The Christian Right & Child Sex Abuse
Frederick Clarkson printable version print page     Bookmark and Share
Sat Apr 13, 2013 at 08:31:40 PM EST
The American Christian Right has a problem that I think has not been adequately addressed by most interested journalists, scholars and activists. The problem is that the conservative Catholic Bishops and the conservative leaders of the Southern Baptist Convention (SBC) have such a bad record when it comes to child sex abuse, that it should be counting against their moral and official standing far more than it has.
The ongoing scandal of child sex abuse by Catholic clergy and cover-ups by the hierarchy is not only well-known but is so horrific that the moral and the official standing of these leaders and those who run interference for them needs to be directly questioned.

Frank Cocozzelli is an exception who proves the rule in this area. He has been zeroing-in on the way that the American Catholic Right (notably prominent neoconservatives and members of Opus Dei) has consistently defended the hierarchy against all comers when it comes to the clergy sex abuse scandal.  Frank, among others, has called for the ouster of the convicted enabler of a priest convicted of producing child pornography, Bishop Robert Finn of Kansas City-St. Joseph.  But much more could be said and done by so many more -- and not only by Catholics.  

I would like, for example, to highlight that the Catholic hierarchy not only routinely violates its contemporary claim of zero tolerance for clergy sex abuse, but has engaged in a double standard when it comes to disciplining prelates.  While Bishop  Finn remains in office, Bishop Thomas Gumbleton of Detroit who advocated that the Ohio state legislature extend the statute of limitations in child sex abuse cases, was removed from office.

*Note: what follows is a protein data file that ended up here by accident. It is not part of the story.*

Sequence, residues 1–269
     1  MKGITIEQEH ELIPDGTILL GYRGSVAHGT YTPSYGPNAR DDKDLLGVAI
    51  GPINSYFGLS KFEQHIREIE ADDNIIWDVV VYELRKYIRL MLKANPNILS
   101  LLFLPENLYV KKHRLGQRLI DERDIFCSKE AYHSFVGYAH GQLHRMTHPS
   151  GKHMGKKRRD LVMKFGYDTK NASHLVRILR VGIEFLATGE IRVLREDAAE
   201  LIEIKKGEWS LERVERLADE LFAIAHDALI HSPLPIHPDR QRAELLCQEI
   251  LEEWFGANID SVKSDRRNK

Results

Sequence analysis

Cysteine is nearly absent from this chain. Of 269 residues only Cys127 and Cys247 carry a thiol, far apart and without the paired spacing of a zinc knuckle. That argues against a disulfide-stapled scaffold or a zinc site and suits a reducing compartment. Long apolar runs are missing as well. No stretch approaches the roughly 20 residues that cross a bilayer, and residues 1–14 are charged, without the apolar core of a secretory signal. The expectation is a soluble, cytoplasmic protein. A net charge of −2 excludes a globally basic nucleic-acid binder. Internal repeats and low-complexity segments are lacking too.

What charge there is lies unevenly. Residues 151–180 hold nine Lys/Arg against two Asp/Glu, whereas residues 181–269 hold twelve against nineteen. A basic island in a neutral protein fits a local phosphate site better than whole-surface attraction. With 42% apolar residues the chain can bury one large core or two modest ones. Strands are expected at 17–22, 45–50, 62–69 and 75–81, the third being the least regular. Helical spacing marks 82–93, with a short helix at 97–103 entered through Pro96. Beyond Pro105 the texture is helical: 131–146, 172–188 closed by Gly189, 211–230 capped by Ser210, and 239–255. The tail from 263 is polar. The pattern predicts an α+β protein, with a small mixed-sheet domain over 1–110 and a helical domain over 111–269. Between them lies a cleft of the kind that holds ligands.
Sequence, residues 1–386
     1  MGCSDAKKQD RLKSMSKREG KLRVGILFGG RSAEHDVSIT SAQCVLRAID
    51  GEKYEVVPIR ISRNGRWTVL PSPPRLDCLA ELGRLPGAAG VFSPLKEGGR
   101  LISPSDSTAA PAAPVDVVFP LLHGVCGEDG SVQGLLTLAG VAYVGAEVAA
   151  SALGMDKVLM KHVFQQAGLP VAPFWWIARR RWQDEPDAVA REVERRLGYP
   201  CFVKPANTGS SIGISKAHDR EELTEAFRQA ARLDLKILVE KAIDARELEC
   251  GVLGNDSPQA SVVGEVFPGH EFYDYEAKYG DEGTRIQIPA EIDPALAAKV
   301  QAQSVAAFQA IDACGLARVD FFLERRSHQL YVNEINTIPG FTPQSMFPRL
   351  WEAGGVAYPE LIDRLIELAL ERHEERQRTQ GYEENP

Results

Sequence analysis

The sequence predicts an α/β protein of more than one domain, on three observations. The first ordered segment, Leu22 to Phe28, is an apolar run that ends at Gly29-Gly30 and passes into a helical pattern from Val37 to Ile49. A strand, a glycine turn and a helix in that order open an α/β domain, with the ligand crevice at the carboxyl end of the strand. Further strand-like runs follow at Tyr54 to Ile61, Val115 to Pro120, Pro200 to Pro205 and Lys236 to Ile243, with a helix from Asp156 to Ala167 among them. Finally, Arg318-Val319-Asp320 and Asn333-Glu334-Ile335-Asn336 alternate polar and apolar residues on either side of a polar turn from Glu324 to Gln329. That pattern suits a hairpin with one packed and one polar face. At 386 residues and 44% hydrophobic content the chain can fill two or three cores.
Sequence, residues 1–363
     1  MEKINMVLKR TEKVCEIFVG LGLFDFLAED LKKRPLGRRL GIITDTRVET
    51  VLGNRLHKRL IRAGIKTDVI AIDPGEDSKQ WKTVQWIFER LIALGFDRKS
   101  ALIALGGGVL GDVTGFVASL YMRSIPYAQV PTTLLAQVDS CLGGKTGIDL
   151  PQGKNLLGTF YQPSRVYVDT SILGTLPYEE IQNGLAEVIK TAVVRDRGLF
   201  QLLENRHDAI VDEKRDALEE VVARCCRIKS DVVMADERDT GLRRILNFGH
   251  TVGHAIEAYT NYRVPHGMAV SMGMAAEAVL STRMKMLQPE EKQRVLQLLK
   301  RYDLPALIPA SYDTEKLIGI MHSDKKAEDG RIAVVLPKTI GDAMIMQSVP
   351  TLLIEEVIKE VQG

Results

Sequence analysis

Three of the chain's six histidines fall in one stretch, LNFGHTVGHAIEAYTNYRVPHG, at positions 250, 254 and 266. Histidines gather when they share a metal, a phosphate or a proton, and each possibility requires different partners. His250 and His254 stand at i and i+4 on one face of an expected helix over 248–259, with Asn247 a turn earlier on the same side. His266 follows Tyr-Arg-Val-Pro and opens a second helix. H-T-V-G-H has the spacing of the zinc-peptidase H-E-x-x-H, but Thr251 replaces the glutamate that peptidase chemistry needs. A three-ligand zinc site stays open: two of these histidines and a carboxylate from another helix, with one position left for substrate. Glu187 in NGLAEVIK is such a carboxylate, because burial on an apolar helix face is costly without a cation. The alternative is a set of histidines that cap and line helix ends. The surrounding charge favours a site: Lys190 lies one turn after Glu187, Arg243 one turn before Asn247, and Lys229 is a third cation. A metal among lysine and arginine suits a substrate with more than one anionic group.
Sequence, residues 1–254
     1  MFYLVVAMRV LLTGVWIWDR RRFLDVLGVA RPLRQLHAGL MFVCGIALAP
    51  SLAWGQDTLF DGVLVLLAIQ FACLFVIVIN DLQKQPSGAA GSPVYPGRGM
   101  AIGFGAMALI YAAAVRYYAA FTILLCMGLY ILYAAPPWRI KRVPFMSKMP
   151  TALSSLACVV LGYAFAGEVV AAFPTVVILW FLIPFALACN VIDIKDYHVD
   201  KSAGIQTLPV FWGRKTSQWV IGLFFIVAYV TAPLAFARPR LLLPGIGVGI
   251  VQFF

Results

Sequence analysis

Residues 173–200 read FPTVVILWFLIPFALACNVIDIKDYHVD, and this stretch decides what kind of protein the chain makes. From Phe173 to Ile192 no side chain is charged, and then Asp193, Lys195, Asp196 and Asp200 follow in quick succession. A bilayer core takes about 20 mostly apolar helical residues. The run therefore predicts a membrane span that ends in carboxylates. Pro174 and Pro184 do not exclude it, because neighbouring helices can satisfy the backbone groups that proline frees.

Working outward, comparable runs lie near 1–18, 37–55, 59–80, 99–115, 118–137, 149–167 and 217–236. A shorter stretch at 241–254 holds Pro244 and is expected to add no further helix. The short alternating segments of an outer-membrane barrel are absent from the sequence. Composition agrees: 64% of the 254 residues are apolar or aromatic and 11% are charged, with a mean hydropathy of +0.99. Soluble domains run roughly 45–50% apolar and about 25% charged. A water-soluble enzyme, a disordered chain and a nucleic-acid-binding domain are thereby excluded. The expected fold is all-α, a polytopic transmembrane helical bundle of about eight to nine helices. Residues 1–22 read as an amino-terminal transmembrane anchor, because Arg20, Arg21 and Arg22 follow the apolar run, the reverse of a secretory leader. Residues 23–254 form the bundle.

That the same U.S. Conference of Catholic Bishops (USCCB) that has done such a poor job of addressing the sex abuse scandal is stacked with and led by culture-warring, family values proclaiming conservatives appointed by the last two popes is well-known.  Much less well-known is the struggle within the SBC.  I was struck by a post by Christa Brown at the blog of the Associated Baptist Press which asked:  "When will Southern Baptist Convention address clergy sex abuse?".  Brown, who also blogs at Stop Baptist Predators, discusses how the SBC has yet to develop policies to protect children in its care.

While other major faith groups have recognized the need for clergy accountability mechanisms, Southern Baptists persist in denominational do-nothingness.

Since 2006, clergy abuse survivors, and others, have been asking the Southern Baptist Convention to implement denominational safeguards against clergy child molesters. Southern Baptists have refused.